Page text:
Finding Fulfillment as a Wildlife Way Station Volunteer

Monarch butterfly on Boneset, (Eupatorium perfoliatum). The garden is filled specifically with both nectar and host plants to support a wide range of pollinators

My excitement rose when I first glimpsed the Wildlife Way Station being maintained at the car rest area along I-95 in Dale City. A good-sized plot of land was being cultivated with native plants that were attracting and feeding many of the area’s wild birds and insects — pollinators. Those small flyers have been losing… [Read More]

A Summer Intern Speaks Out

Native Bumble Bee makes use of Purple Milkweed, (Asclepias purpurea). Virginia's largest population of this plant lives at Huntley.

The listing of the Rusty Patched Bumblebee, (Bombus affinus), on the Endangered Species Act hit me as a surprise. It made me begin to think about bee habitat and how little the public knows about how to help this species. This bumblebee, along with many other pollinators, needs cover for protection throughout the year, but… [Read More]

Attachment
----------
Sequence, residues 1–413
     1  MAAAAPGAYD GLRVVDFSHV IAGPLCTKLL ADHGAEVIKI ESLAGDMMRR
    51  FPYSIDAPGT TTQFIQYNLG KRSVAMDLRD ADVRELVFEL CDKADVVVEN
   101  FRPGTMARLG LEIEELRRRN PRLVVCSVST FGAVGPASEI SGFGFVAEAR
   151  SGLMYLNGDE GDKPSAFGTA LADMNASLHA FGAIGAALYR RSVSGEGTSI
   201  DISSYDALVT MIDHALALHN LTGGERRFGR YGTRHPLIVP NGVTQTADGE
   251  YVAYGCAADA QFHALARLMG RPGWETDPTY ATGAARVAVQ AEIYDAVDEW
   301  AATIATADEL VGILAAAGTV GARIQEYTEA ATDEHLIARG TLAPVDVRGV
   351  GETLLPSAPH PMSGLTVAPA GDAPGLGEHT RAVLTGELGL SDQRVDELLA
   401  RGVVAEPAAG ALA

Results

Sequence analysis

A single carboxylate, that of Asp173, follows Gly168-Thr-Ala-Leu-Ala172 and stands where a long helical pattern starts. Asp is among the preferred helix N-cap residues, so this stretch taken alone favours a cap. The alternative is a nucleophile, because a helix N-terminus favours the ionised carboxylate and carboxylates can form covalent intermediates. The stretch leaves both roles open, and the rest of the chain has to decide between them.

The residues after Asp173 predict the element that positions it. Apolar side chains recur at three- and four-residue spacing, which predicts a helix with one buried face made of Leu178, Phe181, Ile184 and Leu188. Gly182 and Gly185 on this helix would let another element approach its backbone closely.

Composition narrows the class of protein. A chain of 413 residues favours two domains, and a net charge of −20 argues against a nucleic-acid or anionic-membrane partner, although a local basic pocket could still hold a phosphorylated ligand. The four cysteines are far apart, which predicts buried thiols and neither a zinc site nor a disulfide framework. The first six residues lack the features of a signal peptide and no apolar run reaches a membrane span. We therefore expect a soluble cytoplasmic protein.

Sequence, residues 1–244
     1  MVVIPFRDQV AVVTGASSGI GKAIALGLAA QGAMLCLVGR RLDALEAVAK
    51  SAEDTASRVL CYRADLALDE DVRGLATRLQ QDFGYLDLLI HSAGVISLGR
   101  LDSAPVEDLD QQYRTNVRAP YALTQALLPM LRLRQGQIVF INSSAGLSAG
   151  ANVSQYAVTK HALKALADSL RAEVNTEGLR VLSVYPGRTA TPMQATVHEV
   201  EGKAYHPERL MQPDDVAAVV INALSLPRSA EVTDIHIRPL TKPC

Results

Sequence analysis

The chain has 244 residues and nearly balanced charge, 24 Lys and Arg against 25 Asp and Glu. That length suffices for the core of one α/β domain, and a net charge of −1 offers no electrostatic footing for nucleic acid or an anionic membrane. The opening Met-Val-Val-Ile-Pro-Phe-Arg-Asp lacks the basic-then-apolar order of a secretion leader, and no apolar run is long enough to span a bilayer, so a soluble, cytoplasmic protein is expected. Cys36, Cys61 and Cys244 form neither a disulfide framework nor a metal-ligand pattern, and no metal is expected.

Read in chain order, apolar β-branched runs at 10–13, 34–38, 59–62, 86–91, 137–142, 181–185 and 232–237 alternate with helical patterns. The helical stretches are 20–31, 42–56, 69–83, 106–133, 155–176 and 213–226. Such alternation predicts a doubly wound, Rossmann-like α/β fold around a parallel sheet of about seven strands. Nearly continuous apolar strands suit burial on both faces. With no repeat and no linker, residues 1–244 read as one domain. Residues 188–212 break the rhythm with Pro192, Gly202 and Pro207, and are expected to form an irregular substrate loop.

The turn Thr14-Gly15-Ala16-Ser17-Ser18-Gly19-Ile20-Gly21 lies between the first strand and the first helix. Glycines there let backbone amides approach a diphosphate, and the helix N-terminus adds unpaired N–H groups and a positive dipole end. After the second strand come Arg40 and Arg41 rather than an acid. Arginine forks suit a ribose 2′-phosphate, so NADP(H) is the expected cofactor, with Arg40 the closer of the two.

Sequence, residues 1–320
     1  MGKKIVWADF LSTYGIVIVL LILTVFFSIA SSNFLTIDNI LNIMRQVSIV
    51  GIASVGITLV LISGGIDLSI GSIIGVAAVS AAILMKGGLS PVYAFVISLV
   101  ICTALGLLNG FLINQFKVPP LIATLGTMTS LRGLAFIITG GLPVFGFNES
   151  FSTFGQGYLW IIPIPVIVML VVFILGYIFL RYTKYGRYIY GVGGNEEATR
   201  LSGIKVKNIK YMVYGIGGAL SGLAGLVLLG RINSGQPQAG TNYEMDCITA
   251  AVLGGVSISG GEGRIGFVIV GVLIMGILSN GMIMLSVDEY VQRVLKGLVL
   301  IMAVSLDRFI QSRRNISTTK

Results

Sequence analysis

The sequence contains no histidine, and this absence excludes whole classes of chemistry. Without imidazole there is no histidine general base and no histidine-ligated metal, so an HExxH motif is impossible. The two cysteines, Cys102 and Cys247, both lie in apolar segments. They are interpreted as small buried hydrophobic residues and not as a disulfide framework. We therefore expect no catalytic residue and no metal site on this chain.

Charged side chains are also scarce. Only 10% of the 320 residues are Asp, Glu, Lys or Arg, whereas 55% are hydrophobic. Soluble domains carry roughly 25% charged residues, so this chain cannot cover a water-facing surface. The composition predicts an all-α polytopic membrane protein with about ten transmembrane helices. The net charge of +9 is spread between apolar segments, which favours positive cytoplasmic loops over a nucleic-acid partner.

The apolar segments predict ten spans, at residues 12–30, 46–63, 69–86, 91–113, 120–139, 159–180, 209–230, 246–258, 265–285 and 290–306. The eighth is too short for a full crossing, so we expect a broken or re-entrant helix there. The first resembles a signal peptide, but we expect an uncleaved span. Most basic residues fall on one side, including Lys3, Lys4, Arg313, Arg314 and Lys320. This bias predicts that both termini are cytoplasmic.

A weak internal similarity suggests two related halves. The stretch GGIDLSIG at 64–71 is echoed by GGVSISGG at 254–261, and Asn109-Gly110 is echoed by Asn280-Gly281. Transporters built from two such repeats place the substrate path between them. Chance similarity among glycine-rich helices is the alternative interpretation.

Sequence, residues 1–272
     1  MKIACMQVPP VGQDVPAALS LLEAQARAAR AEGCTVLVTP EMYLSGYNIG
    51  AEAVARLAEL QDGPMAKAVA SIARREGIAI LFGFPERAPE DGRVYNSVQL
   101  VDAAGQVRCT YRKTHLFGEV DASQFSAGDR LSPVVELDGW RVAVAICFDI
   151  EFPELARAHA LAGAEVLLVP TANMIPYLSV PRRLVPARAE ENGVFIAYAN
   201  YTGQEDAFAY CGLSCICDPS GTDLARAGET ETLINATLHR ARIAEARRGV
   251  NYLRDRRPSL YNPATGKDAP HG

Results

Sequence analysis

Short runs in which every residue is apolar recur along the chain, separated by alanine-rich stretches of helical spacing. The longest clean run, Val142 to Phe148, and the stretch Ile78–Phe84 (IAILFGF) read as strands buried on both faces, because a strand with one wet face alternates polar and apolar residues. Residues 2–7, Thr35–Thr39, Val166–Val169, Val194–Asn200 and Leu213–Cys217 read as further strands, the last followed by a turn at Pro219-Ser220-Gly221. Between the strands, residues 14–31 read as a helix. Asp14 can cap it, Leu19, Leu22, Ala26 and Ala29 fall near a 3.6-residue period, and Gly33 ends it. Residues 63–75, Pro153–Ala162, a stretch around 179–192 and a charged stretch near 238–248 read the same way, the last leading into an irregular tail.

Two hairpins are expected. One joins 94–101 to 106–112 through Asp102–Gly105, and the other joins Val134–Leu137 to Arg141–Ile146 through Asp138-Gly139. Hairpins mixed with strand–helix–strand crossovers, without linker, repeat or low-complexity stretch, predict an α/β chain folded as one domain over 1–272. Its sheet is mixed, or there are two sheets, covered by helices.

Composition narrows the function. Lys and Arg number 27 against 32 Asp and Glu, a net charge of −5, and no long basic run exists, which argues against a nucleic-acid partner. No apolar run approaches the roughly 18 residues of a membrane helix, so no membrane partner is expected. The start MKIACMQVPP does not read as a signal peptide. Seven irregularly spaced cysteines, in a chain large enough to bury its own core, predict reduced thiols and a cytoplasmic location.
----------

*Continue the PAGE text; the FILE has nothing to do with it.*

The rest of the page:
The Right Kind of Pollinator Garden

Purple Milkweed (Asclepias purpurascens) in the “pollinator garden” planters at the entrance to Tarleton Park in the City of
Alexandria, Virginia.  This historically known species in Alexandria was reintroduced to its original habitat and general location
in the City from locally sourced and propagated stock.  Photo by Sue Dingwell.

A couple of reminders, if folks will, regarding pollinator gardens, especially those to attract and host Monarch butterflies: The overarching principle for all ecological restoration plantings (i.e., those involving the correct use of native plants in parks, waterways, and natural areas) is to “Do No Harm” to the native flora, communities, wildlife, and natural landscape… [Read More]